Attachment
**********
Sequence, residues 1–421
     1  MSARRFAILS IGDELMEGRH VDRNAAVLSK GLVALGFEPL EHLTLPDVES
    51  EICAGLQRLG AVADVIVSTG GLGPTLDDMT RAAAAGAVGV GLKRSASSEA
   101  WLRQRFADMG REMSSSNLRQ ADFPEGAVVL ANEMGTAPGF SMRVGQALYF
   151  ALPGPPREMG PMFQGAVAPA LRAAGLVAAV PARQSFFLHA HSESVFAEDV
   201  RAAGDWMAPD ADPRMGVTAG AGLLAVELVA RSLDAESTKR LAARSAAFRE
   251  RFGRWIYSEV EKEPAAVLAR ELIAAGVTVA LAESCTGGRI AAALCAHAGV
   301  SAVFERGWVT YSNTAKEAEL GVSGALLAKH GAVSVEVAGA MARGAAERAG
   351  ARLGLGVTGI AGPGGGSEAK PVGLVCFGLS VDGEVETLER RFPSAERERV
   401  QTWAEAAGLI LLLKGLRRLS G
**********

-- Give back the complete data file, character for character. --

Sequence, residues 1–421
     1  MSARRFAILS IGDELMEGRH VDRNAAVLSK GLVALGFEPL EHLTLPDVES
    51  EICAGLQRLG AVADVIVSTG GLGPTLDDMT RAAAAGAVGV GLKRSASSEA
   101  WLRQRFADMG REMSSSNLRQ ADFPEGAVVL ANEMGTAPGF SMRVGQALYF
   151  ALPGPPREMG PMFQGAVAPA LRAAGLVAAV PARQSFFLHA HSESVFAEDV
   201  RAAGDWMAPD ADPRMGVTAG AGLLAVELVA RSLDAESTKR LAARSAAFRE
   251  RFGRWIYSEV EKEPAAVLAR ELIAAGVTVA LAESCTGGRI AAALCAHAGV
   301  SAVFERGWVT YSNTAKEAEL GVSGALLAKH GAVSVEVAGA MARGAAERAG
   351  ARLGLGVTGI AGPGGGSEAK PVGLVCFGLS VDGEVETLER RFPSAERERV
   401  QTWAEAAGLI LLLKGLRRLS G